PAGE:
In fact, Rizzo didn't rule out Morse being on Washington's Opening Day roster. Morse could be a fourth outfielder, spelling Bryce Harper or Jayson Werth in the corner spots, and he could spell LaRoche at first base. Morse could also find himself playing often if one of his teammates lands on the disabled list.
Then again, Rizzo didn't rule out trading Morse either. If the Nats attempt to trade Morse, they would want top prospects in return. It's doubtful they would settle for veteran left-handed relievers in a trade.
"Michael Morse is a middle-of-the-lineup, everyday production bat," Rizzo said. "With that said, we are going to be open-minded. Nobody said that we have to trade Michael Morse. There are no financial ramifications that force us to trade Michael Morse. He is a very economical middle-of-the-lineup hitter that can hit .300 and drive in 100 [runs] at a very affordable price. He is very attractive to a lot of teams. I've heard no less than 10 to 12 teams that have interest in Michael Morse.
"We are going to put the best 25 men on the field for Opening Day. We are going to be patient. If there is a deal out there that makes great sense for us, and makes great sense for Michael Morse, we'll certainly consider it. But there is no gun to our head that we have to trade Michael Morse. We won't trade him just to trade him. It will be a good trade in our favor, or we will just keep him."
The Nationals acquired Morse from the Mariners on June 28, 2009, for outfielder Ryan Langerhans. The deal turned out to be one-sided in favor of the Nats. Langerhans never hit above .218 in his three years with Seattle, and Morse turned out to be Washington's MVP in 2011, when he hit .303 with 31 home runs and 95 RBIs. Last year, Morse missed 60 games because of a lat strain, but he still managed to hit .291 with 18 home runs and 62 RBIs.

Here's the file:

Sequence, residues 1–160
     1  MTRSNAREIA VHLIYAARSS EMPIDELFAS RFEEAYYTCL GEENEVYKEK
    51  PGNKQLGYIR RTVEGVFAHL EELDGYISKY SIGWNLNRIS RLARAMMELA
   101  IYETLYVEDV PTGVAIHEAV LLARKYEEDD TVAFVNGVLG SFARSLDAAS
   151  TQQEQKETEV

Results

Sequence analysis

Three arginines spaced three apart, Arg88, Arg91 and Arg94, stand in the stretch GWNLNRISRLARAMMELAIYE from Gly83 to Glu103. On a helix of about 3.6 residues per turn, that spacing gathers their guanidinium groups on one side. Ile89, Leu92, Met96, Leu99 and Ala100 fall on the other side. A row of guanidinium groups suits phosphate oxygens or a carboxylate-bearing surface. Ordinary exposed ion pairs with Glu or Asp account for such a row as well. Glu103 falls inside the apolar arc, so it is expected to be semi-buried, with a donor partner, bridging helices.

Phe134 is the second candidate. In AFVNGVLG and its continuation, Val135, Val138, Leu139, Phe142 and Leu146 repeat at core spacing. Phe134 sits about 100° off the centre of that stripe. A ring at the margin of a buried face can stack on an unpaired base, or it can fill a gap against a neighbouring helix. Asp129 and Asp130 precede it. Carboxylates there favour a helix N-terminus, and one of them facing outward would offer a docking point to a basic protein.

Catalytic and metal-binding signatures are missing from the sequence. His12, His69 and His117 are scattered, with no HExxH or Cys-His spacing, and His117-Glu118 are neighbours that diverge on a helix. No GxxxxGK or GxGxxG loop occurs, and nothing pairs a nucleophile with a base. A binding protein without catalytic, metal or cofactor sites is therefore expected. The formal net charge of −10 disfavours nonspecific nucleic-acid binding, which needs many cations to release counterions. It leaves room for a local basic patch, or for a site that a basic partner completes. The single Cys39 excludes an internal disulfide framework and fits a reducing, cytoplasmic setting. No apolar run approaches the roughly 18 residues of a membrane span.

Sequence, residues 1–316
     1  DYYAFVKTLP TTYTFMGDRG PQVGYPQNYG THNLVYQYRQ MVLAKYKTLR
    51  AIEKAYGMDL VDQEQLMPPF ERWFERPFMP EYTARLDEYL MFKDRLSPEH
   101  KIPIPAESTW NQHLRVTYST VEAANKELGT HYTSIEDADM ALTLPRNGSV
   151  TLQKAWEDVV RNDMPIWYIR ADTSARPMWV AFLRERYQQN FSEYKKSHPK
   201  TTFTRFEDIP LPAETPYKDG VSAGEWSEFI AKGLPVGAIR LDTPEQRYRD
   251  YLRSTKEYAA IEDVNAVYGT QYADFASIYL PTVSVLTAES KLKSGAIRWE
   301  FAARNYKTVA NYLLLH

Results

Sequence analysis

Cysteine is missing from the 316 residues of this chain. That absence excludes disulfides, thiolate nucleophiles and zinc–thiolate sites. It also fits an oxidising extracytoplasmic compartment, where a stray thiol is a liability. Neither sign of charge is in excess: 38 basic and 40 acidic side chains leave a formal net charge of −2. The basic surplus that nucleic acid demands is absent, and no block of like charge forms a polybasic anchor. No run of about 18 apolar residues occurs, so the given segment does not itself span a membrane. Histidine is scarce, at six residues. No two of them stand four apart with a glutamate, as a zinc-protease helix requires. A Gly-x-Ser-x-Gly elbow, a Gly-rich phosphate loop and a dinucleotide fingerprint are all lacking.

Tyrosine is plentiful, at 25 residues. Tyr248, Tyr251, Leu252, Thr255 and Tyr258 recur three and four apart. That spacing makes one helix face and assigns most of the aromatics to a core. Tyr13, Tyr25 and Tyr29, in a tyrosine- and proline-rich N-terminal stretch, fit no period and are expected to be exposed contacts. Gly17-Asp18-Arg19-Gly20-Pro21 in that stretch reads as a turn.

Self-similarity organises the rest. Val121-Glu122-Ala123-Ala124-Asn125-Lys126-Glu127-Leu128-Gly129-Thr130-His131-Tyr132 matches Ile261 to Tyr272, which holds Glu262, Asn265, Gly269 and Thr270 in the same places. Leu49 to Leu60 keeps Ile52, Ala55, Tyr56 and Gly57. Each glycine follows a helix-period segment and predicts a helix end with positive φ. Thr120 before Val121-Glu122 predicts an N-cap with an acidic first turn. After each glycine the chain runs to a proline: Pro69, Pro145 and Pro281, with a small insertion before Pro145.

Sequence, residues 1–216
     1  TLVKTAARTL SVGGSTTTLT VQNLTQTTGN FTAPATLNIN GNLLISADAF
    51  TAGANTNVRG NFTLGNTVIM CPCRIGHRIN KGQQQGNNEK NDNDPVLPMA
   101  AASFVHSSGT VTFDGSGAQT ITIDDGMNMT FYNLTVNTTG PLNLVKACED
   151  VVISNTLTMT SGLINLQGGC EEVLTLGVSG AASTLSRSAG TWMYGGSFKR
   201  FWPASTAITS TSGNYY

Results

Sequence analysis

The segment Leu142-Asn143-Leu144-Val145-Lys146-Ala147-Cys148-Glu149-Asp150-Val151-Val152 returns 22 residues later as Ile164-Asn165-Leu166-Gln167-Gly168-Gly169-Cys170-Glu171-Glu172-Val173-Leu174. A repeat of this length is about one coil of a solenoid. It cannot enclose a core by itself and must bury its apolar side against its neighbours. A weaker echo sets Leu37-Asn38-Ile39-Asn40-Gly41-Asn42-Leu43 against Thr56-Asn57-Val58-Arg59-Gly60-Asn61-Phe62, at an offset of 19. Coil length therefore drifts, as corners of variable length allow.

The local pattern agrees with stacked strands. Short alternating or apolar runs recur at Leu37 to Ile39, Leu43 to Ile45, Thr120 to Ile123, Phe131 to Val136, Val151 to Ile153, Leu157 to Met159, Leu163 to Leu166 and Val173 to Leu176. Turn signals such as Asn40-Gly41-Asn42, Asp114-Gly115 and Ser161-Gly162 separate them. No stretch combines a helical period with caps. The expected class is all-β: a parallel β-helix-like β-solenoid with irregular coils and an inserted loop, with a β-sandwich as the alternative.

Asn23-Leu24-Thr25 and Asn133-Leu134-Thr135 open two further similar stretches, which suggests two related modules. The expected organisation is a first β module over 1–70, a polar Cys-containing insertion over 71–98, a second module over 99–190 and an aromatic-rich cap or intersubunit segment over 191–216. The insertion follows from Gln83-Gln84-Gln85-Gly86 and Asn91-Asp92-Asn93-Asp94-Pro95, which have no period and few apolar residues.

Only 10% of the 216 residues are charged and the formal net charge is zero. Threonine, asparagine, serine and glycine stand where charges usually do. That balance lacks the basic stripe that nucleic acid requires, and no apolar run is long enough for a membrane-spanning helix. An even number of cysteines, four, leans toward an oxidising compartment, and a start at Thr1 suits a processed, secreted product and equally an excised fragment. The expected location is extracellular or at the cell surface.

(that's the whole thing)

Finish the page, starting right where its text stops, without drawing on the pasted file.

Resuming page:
"He is great character on our ballclub," Rizzo said. "He keeps things light, upbeat in the clubhouse. He is a clubhouse favorite. Those are all great attributes if you can really play, and he can really play.
"He had a breakout season in 2011, where we finally gave him a chance to play every day. He was the offensive MVP of our ballclub. He handled first base extremely well. We love having him on the team. You speak of him in past tense. I speak of him in present tense, because unless we get the right deal that really helps the ballclub, we are certainly not inclined to give him away."
Bill Ladson is a reporter for MLB.com and writes an MLBlog, All Nats All the time. He also could be found on Twitter @WashingNats. This story was not subject to the approval of Major League Baseball or its clubs.Less